Public schools lost some loyal advocates in the Indiana legislature last week with the defeat of Democratic Sen. Tim Skinner and Reps. Shelli VanDenburgh and Mara Candelaria Reardon.
Skinner, a former school teacher from Terre Haute, may have been the most outspoken supporter of public schools in the General Assembly. He lost his bid for a fourth term by more than 1,000 votes to Republican Jon Ford, a business owner.
VanDenburgh, from Crown Point, and Reardon, from Munster, were part of a northwestern Indiana Democratic delegation that advocated reliably in the House for public schools. VanDenburgh lost a close contest to Julie Olthoff, a Merrillville ad agency owner. Reardon’s narrow loss to Munster attorney Bill Fine means there is now only one Hispanic legislator in a state that is over 6 percent Hispanic. (That’s Rep. Christina Hale, an Indianapolis Democrat who is part Cuban-American).
Republicans expanded their super majorities in both the House and Senate with the election. They now control the House, 71-29, and the Senate, 40-10. On partisan issues – and there are a lot of them in education – Democrats will do well to get a word in edgewise.
Senate Republicans put more than $100,000 into Ford’s campaign. Skinner got some help from the Indiana State Teachers Association but it was too little, too late.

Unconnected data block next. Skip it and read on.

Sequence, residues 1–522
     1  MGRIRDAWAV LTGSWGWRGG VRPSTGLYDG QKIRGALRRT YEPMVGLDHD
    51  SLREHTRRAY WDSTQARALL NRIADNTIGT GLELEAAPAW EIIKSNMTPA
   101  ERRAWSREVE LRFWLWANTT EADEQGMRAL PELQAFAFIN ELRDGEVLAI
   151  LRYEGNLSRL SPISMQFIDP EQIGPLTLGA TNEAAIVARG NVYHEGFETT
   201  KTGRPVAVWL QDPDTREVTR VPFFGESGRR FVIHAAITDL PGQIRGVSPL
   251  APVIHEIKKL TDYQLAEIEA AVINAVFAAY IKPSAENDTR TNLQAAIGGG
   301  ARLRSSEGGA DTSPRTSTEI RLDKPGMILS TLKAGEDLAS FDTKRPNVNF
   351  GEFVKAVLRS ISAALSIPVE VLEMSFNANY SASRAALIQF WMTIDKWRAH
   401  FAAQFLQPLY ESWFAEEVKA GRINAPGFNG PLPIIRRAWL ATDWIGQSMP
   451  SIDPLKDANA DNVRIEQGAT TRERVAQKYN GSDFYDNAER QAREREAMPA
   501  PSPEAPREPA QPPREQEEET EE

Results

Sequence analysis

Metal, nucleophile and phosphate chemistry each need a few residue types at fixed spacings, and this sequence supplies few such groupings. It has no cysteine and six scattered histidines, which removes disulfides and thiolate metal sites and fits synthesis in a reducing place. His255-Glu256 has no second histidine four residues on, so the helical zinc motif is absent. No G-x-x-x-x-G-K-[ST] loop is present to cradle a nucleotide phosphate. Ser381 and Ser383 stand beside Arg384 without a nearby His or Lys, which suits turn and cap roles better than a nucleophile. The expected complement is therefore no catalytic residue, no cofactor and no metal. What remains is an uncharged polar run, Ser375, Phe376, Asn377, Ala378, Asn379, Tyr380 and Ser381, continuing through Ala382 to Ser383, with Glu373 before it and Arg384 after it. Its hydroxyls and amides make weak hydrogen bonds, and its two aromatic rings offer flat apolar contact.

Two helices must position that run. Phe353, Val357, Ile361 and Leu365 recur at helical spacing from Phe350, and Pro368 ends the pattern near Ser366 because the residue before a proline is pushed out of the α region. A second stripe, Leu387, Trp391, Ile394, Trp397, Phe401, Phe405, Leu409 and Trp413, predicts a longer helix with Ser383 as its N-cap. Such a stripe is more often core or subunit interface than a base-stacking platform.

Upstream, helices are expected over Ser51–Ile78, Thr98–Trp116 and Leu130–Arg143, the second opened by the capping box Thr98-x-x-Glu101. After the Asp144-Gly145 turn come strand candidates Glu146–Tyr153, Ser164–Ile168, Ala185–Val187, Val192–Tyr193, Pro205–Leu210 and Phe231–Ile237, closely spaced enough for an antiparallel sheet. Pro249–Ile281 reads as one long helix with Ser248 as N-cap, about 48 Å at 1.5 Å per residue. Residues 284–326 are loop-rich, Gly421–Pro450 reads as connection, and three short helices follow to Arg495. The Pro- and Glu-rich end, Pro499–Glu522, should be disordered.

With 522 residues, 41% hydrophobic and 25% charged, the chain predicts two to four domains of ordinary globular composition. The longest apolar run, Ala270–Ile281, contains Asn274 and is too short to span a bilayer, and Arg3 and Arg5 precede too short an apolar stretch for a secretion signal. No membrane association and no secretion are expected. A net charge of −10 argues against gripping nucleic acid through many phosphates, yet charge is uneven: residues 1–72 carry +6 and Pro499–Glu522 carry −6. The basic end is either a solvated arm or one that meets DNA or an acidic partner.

Olthoff’s campaign against VanDenburgh picked up nearly $75,000 in late, large contributions as her supporters apparently realized she could win. About half came from the House Republican campaign committee and the rest from the school-voucher advocacy group Hoosiers for Quality Education.
Democrats did add one education advocate to their thin ranks: Daleville teacher Melanie Wright defeated 23-year GOP lawmaker L. Jack Lutz, who blamed ISTA money and attack ads for his loss.
In southern Indiana, the ISTA and other public education supporters threw in big for Jeff Sparks, who challenged Republican incumbent Matt Ubelhor in District 62. But Sparks didn’t come close.
Overall it was a disappointing election for education-minded Indiana Democrats, just two years after Glenda Ritz shocked the nation by upsetting Superintendent of Public Instruction Bennett in what was widely seen as an affirmation of public education. Ritz campaigned this year for some of the Democratic legislative candidates, but her support didn’t seem to have much of an impact.